Yorkshire Water engineering and education programme begins at Wheatcroft, Scarborough  

A couple walking hand-in-hand on a beach in Scarborough on a sunny day
Community and people Network and infrastructure


Yorkshire Water will begin work to reduce discharges into the North Sea at Wheatcroft, Scarborough next week. The project is being run alongside an education initiative with local schools in the area. 

The engineering work, which will begin on 28 May, will complement other planned improvements from all stakeholders that have a role in improving the water quality at the town’s beaches. Yorkshire Water will complete the work ahead of the 2025 bathing water season. 

While the engineering work is ongoing, Yorkshire Water’s education team will be visiting local schools to deliver bespoke lessons tailored to the work of water companies near the coast. LEGO will be used to allow children to use their STEM skills to build and program a robot to travel around a map and tackle blockages caused by unflushables. Blockages can cause discharges to watercourses or lead to sewage escaping the sewer network into homes and gardens. 

The education sessions will also outline what a bathing water is and all of the factors that impact water quality, from the operation of water companies and agricultural runoff to the impact of industry and wildlife.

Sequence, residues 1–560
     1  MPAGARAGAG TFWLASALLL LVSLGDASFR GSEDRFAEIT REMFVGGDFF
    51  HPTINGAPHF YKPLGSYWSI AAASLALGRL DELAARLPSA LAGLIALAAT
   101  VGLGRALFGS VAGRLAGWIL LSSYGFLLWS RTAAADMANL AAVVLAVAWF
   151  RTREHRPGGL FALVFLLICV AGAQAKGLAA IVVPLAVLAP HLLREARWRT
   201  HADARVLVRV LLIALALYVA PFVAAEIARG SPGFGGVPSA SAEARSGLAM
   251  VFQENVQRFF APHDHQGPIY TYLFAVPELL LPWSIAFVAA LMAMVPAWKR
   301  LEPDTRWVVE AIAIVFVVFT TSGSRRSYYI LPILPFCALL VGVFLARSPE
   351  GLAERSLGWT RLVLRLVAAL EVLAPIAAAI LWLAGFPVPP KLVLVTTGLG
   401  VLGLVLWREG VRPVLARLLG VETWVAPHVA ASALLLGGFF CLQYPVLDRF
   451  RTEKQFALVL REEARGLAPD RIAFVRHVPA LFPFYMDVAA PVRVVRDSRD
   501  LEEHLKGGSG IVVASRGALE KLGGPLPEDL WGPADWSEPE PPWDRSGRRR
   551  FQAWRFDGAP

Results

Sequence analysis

It is hoped the children will leave the lessons understanding what should and shouldn’t be flushed down the toilet or poured down the drain and how they can play their own role in ensuring bathing waters are the best they can be in the near and long term. 

Ben Roche, director of wastewater at Yorkshire Water, said: “We’re pleased to be starting on site at Wheatcroft as we continue our commitment to playing our part in improving bathing water quality at Scarborough South Bay. Tackling storm overflows is a priority for us and this is one of many projects we will be working on up and down the coast in the next 12 months. 

“We’re also looking to expand our investment beyond engineering work and will provide bespoke education sessions for local schools. This will provide the children with an awareness of the project at Wheatcroft, the aims to improve bathing water, outline what should and shouldn’t go into the sewers and explain how we all have a part to play to ensure our local environment thrives.” 

The engineering work at Wheatcroft will reduce discharges from the Wheatcroft combined sewer overflow so that there are a maximum of two discharges per bathing water season, which runs from March to September, and ten discharges per year. The investment will meet the Government’s target for this overflow well ahead of the 2035 deadline. In the 2023 season, overflows operated across the Yorkshire coast for less than 1% of the time but YW are committed to reducing this even further. 

Yorkshire Water will be increasing storage within the network to slow the flow of wastewater during periods of prolonged or heavy rainfall. Modelling of the system has indicated increased storage will reduce the discharges to two per bathing water season. 

Richard Flinton, chief executive at North Yorkshire Council, said: "Investment from Yorkshire Water to reduce discharges into the sea at Wheatcroft, Scarborough is welcome news and will benefit the marine environment."